While high temperatures are more common inland than they are near the coast, the highest temperatures recorded differ little between the two, except in Queensland, the Northern Territory and northern Tasmania. Notable extreme maxima observed near the coast include 50.5°C at Mardie and 49.1°C at Roebourne in Western Australia, and 49.4°C at Whyalla and 47.9°C at Ceduna in South Australia.
Extreme maximum temperatures recorded at selected stations, including the highest recorded in each State/Territory, are shown in table 1.10.
The lowest temperatures in Australia have been recorded in the Snowy Mountains, where Charlotte Pass (elevation 1,760 metres) recorded -23.0°C on 28 June 1994 (see table 1.11). Outside the Snowy Mountains, the lowest extreme minima on the Australian mainland are found above 500 metres elevation in the tablelands and ranges of New South Wales, eastern Victoria and southern Queensland. Many stations in this region have recorded -10°C or lower, including -14.6°C at Gudgenby and -14.5°C at Woolbrook. Temperatures below -10°C have also been recorded in central Tasmania. At lower elevations, most inland places south of the tropics have extreme minima between -3 and -7°C, and such low temperatures have also occurred in favoured locations within a few kilometres of southern and eastern coasts, such as Sale (-5.6°C), Bega (-8.1°C), Grove (-7.5°C) and Taree (-5.0°C).
In the tropics, extreme minima below 0°C have been recorded at many places away from the coast, as far north as Herberton (-5.0°C). Some locations near tropical coasts, such as Mackay (-0.8°C), Townsville (0.1°C) and Kalumburu (0.3°C) have also recorded temperatures near 0°C. In contrast, some exposed near-coastal locations, such as Darwin, have never fallen below 10°C, and Thursday Island, in the Torres Strait, has an extreme minimum of 16.1°C.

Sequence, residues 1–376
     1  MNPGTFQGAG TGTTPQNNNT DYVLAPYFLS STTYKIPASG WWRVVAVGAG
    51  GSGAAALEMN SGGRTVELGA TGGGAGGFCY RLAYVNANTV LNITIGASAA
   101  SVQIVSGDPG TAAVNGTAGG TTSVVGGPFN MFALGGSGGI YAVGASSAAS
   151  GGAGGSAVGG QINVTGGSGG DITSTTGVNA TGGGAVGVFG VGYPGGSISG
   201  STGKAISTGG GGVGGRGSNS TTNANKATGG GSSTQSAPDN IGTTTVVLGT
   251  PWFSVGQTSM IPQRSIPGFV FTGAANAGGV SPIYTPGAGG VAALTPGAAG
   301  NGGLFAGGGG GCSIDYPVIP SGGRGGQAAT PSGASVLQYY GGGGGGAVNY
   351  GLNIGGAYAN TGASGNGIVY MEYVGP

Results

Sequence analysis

Periods with a number of successive days having a temperature higher than 40°C are relatively common in summer over parts of Australia. With the exception of the north-west coast of Western Australia, however, most coastal areas rarely experience more than three successive days of such conditions. The frequency increases inland, and periods of up to ten successive days have been recorded at many inland stations. This figure increases to more than 20 days in parts of western Queensland and north-west Western Australia. The central part of the Northern Territory and the Marble Bar-Nullagine area of Western Australia have recorded the most prolonged heat waves. Marble Bar is the only known station in the world where temperatures of more than 37.8°C (100°F) have been recorded on as many as 161 consecutive days (30 October 1923 to 7 April 1924).
Heat waves are experienced in the coastal areas from time to time. During 11-14 January 1939, for example, a severe heat wave affected south-eastern Australia: Melbourne had a record of 45.6°C on the 13th and Sydney a record of 45.3°C on the 14th.This heatwave also set record high temperatures in many other centres in New South Wales, Victoria and South Australia.
The Kimberley district of Western Australia is the consistently hottest part of Australia in terms of annual average maximum temperature. Wyndham, for example, has an annual average maximum of 35.6°C.